3. I have a 4.5 year old girl and an almost 2 year old boy.  They drive me nuts and I love them to bits all at the same time.
  4. English teachers used to tell me to consider a career in writing.  I laughed it off thinking they may as well have told me to grow up and be a princess.  Doh!
  5. Speaking of careers, I have a B.A. in Psych and a M.A. in Speech-Language Pathology and am now a life coach.  Figure that one out!
  6. I want to write a book for my daughter that would probably read more like one long letter - telling her everything in my heart.
  7. I am married to a man who, at the age of 8, claimed he would marry me.  I laughed it off and then 17 years later the joke was on me!
And now I get to pass on the award to 5 blogs I have recently discovered who I think totally deserve this awesome badge!  Please click on each of them and take a look around!

  1. Book Briefs
  2. By Word Of Beth
  3. Girl With A New Life
  4. Renaissance Moms
  5. Katheryn Lane
Hope everyone has a great weekend! 

Wednesday, December 7, 2011

I'm Joining My First Cyber-Challenge: The 2012 To Be Read (TBR) Pile Challenge

Have you checked out my "to be read" pile yet?  I invite you to do so if you aren't susceptible to feeling overwhelmed by osmosis.  I am so relieved to have come across this challenge on an awesome review blog by Tia Bach, Mom in Love with Fiction.  Basically, the point of this challenge is to knock 12 books off your list that you have been meaning to read for at least a year.  Check out the rules and my list below.  My list can also be found on my page 2012 TBR Pile Challenge. 

Here are the rules:

1. Each of these 12 books must have been on your bookshelf or “To Be Read” list for AT LEAST one full year. This means the book cannot have a publication date of 1/1/2011 or later (any book published in the year 2010 or earlier qualifies, as long as it has been on your TBR pile – I WILL be checking publication dates). Caveat: Two (2) alternates are allowed, just in case one or two of the books end up in the “can’t get through” pile.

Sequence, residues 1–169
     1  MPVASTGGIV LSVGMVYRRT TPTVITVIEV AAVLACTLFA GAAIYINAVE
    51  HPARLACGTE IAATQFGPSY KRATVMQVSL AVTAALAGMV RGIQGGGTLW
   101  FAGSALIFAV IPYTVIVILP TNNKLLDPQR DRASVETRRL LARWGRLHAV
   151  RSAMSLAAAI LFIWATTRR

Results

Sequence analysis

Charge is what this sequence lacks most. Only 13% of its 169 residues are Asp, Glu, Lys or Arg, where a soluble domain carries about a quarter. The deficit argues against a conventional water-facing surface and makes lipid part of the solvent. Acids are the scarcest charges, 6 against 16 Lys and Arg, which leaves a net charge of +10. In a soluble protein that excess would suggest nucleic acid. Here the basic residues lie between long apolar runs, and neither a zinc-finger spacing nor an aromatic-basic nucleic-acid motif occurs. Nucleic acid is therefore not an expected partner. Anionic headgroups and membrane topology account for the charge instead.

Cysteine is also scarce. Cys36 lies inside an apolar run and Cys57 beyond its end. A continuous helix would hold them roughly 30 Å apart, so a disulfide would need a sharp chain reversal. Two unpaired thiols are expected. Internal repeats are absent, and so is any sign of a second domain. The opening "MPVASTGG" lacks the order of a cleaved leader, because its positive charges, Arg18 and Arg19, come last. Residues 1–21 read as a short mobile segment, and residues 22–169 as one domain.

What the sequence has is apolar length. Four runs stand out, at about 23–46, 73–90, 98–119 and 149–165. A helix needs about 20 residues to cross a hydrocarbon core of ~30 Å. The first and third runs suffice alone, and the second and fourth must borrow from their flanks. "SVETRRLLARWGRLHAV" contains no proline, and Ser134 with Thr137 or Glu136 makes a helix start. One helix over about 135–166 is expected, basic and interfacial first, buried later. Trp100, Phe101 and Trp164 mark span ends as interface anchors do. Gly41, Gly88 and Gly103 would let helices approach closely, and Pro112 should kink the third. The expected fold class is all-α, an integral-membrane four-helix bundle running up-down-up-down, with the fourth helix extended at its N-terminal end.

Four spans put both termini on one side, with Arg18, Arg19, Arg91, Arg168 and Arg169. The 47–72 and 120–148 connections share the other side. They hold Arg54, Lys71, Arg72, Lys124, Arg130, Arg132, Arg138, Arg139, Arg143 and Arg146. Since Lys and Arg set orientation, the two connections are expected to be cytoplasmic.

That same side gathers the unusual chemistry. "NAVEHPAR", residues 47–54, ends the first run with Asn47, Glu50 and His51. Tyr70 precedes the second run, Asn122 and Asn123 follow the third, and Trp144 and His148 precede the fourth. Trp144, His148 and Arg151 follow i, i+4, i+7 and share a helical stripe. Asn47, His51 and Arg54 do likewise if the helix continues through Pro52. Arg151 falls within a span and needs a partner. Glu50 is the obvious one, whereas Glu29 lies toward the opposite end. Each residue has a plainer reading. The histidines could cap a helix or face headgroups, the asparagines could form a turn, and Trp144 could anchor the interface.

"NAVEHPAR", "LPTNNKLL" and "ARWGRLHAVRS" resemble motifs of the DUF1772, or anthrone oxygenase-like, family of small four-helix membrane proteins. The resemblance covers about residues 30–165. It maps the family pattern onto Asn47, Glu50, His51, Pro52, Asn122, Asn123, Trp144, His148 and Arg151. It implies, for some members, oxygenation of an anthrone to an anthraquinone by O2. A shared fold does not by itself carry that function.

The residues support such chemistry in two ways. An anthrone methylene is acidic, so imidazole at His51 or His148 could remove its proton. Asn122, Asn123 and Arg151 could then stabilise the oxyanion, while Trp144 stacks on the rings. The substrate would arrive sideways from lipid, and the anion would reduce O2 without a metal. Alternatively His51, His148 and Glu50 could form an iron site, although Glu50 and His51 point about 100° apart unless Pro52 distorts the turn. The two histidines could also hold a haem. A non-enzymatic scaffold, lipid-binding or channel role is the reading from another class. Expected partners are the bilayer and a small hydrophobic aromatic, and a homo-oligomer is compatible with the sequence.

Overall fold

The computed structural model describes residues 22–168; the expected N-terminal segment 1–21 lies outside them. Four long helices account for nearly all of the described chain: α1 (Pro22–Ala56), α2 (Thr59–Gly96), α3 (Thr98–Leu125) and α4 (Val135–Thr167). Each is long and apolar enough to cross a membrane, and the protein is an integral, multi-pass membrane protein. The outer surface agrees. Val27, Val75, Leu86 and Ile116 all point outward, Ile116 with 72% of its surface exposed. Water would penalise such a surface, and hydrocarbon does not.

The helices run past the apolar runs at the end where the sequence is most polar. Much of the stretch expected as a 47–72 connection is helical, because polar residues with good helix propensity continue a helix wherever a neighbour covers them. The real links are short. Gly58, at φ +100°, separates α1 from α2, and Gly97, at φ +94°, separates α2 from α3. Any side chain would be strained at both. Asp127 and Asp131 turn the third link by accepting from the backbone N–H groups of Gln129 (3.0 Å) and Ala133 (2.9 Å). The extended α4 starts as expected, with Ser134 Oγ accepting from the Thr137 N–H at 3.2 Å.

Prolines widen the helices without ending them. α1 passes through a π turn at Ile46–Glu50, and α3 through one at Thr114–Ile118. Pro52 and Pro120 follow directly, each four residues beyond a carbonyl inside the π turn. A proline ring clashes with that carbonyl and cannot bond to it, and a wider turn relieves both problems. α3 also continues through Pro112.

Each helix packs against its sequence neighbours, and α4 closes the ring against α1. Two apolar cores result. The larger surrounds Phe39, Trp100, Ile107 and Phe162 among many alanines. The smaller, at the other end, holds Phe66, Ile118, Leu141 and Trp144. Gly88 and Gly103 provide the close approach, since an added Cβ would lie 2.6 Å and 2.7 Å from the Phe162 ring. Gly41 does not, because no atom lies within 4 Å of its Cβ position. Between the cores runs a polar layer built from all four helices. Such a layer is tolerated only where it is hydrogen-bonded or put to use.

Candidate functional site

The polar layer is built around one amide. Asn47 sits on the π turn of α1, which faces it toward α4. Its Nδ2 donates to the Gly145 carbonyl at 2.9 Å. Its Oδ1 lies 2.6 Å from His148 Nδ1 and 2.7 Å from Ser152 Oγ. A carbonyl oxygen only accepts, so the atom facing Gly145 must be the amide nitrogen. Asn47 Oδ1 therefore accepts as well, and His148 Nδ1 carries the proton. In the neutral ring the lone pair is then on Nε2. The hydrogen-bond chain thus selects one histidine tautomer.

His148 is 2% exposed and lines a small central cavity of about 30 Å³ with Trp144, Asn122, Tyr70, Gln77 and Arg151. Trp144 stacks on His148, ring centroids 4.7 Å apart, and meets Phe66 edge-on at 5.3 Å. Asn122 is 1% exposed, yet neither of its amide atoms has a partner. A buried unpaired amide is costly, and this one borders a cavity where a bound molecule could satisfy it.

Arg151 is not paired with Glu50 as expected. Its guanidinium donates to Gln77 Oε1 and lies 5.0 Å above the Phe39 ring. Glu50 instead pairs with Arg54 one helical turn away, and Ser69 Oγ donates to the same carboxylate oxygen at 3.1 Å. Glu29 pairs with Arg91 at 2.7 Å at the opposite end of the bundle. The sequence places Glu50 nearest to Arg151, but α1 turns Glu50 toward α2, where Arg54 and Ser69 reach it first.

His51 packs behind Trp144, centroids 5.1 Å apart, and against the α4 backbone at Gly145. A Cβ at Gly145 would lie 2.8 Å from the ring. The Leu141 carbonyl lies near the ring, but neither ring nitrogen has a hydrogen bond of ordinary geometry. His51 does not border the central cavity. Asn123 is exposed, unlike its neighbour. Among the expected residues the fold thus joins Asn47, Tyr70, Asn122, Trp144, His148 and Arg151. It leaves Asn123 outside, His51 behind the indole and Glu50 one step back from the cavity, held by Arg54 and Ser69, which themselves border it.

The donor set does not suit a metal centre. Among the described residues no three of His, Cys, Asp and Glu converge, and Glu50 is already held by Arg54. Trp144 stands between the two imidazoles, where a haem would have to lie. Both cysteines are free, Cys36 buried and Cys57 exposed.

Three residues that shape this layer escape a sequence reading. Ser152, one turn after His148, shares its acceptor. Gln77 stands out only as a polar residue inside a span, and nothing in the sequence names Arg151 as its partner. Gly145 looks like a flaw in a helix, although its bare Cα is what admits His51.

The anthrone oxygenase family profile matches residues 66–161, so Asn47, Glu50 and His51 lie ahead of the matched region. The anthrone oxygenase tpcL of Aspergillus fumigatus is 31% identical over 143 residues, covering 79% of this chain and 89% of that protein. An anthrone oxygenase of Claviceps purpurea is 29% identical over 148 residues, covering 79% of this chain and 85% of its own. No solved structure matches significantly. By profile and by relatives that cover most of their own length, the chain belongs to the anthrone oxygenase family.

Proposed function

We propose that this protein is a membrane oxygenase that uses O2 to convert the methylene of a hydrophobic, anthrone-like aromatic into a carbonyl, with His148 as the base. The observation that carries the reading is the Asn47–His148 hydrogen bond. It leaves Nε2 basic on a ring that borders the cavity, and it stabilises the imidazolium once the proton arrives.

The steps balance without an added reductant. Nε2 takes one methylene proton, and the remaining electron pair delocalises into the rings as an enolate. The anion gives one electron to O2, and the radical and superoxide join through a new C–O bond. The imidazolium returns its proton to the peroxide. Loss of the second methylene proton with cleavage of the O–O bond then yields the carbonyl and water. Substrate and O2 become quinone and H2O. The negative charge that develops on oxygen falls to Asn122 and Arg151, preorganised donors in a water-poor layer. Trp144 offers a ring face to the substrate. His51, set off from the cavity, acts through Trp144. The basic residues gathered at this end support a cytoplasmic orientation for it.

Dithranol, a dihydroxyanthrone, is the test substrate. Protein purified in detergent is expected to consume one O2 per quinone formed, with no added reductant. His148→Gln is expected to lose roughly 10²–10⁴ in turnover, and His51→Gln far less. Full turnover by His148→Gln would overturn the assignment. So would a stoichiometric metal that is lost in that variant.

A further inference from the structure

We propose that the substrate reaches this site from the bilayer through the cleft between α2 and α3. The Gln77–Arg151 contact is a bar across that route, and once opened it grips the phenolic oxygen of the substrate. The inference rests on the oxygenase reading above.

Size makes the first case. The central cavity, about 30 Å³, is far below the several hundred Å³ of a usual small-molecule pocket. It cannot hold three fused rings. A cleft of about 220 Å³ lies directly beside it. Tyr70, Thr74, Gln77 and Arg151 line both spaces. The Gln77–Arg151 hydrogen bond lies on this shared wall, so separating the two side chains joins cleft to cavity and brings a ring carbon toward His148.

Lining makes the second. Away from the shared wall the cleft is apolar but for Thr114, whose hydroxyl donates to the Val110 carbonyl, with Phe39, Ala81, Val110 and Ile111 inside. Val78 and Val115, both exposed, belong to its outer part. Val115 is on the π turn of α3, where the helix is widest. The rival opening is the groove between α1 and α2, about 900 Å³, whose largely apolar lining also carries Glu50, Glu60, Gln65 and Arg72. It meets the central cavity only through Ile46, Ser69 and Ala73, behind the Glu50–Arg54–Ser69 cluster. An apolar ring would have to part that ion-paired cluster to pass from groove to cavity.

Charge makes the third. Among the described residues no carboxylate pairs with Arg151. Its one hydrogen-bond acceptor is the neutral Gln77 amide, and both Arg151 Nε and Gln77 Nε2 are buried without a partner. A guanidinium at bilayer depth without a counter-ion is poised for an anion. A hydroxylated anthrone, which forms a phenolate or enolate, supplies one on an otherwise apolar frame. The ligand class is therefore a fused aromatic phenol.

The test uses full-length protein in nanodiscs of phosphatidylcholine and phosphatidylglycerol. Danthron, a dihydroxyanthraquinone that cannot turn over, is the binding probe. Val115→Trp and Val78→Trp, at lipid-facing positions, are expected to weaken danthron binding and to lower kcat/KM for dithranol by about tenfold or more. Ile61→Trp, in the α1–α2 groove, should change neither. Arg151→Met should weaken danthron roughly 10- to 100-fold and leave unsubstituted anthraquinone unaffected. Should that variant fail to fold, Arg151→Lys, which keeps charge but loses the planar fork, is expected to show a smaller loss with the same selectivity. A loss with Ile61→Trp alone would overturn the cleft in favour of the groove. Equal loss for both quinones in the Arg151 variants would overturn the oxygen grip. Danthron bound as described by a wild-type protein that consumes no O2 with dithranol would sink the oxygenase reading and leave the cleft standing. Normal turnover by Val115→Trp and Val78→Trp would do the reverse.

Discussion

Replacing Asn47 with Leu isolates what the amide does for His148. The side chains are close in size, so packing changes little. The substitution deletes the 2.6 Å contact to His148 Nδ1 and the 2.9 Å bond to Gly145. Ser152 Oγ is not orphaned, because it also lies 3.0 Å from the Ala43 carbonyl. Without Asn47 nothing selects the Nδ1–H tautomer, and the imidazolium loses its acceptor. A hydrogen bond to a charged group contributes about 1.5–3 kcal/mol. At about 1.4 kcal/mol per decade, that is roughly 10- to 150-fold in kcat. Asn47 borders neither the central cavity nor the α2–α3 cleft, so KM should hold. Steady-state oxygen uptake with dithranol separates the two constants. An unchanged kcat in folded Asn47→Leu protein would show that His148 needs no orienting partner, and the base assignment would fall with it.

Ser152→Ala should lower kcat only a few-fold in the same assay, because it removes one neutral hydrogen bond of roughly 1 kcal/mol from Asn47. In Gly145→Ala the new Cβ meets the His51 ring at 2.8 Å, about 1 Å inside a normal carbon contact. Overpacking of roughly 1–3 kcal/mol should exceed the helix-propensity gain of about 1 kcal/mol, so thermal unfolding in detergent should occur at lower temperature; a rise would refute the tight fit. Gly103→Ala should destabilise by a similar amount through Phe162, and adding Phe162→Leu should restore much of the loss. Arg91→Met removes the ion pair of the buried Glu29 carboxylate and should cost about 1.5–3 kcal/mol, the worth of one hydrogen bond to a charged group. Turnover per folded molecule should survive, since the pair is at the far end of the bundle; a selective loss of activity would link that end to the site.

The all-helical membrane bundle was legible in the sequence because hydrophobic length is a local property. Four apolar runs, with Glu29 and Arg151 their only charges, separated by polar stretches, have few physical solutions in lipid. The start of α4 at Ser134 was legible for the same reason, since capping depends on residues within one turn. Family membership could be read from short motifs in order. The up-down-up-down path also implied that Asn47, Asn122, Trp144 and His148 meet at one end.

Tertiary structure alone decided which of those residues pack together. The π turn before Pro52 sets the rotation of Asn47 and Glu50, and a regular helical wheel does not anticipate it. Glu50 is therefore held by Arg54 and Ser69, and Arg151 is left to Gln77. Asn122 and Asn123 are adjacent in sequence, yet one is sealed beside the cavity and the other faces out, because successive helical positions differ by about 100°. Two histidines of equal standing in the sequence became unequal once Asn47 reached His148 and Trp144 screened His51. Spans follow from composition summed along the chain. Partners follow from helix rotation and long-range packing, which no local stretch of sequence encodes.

2. You must write an original review/response (it doesn’t have to be anything fancy) for each book, to help us ensure you are actually completing the books you say you are.

3. The link you post in the Mr. Linky AT ADAM’S SIGN-UP POST must be to your “master list.” This is where you will keep track of your books completed, crossing them out and/or dating them as you go along, and updating the list with the links to each review (so there’s one easy, convenient way to find your list and all your reviews for the challenge).


And here's my list!

  1. The In-Between World of Vikram Lal by M.G. Vassanji
  2. Rush Home Road by Lori Lansens
  3. The Namesake by Jhumpa Lahiri
  4. Before I Die by Jenny Downham
  5. I Know Why the Caged Bird Sings by Maya Angelou
  6. Their Eyes Were Watching God by Zora Neale Hurston
  7. Confessions of a Shopaholic by Sophie Kinsella
  8. The Almost Moon by Alice Sebold
  9. The Kitchen God's Wife by Amy Tan
  10. The Flying Troutmans by Miriam Toews
  11. 84 Charing Cross Road by Helene Hanff
  12. The Bluest Eye by Toni Morrison
The 2 alternative books I have chosen lest I am unable to get through 1 or 2 of the above:
  1. Heart and Soul by Maeve Binchy
  2. White Oleander by Janet Fitch

Monday, September 12, 2011

Let Them Have Sushi - A Review Of Two Restaurants Plus A Great Cupcake Find!

In August, friends of ours visited from Ottawa, Ontario; it seems that whenever people come to this part of the country, they have to go for sushi! I don't blame them, of course and I'm always happy to oblige. When our friends said they were coming for a week we knew that we would have just enough time to check out two restaurants: a tried and true favourite (Ichiro Japanese Restaurant in Richmond) and an all-you-can-eat place we'd never been to before (Tan Popo in Vancouver).